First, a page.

Any foodie worth his or her salt knows that the best foods in Asia are often hidden away in tiny alleyways and overlooked street corners, so when Google Maps directed us to the wrong location, we knew we could be on to something special. The restaurant we were looking for was tucked in an alley behind the office building to which we had been directed, so by the time we found our destination, we were more than ready to slurp up some hearty noodles.

Specialising in Malaysian hawker dishes, Mean Noodles (麵佬到) has an interesting backstory. Owner and chef Kevin Lim stems from a design background, having studied architecture at Cornell University before sharpening his knives at Le Cordon Bleu in Boston. When he’s not moonlighting as head chef at Mean Noodles, he’s running an interior design practice, openUU, alongside his wife, Caroline, who doubles as the operations manager at the restaurant. Mean Noodles is a true passion project for the couple, merging their interests of design and food. 

After cracking into some fresh coconuts, we decided on the char siu kon loh dry tossed noodles ($118) and the Nyonya laksa curry mee ($128) for our lunch.

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The char siu noodles arrived with a healthy serving of vegetables, ranging from blanched bean sprouts to morning glory. The pork had been cooked sous vide for eight hours to give it a delicate tenderness and then seared to add even more flavour.

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The star of the restaurant, however, was their signature laksa, which boasts over 20 ingredients. The incredibly aromatic soup starts from a base of chicken broth, which is later blended with a spice and herb paste as well as a small amount of coconut milk. Fresh laksa and pandan leaves are flown in from Thailand and Malaysia for the paste, and it’s cooked at a low temperature to extract all the flavours. Because the laksa paste is already so rich, very little coconut milk is needed in order to give the soup that thick and creamy consistency that makes us swoon.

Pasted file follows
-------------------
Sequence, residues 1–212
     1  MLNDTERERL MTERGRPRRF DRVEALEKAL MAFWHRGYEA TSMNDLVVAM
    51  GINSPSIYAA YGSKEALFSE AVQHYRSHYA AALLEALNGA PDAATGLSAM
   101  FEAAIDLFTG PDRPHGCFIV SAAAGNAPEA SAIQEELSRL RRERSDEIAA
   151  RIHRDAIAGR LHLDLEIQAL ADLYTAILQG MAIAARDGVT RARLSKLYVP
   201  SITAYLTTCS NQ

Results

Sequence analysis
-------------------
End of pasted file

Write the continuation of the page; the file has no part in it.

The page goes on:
We loved how every bite of noodles can be accompanied with a different topping, since the bowl was stacked full of various delicious ingredients, including prawns, chicken slices, fish balls, fish cakes, tofu puffs, bean sprouts, morning glory and a boiled egg. House-made belacan and sambal were served on top of the egg as ready condiments for dipping, and the mixture of vermicelli and egg noodles added an interesting textural contrast. We were especially impressed with the giant prawns, which had plenty of umami shrimp fat. 

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We capped off our meal with a hint of sweetness from the pandan flan ($20), although the highlight for us was definitely the laksa.


If you like laksa, this might very well be the best one in town. Mean Noodles is a cosy little outlet for casual dining – a perfect spot for a satisfying lunch. 

Shop 4, 148 Wing Lok Street (close to Western Market), Sheung Wan, 3104 0288

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Editor-at-Large, Jetsetter Food Nomad

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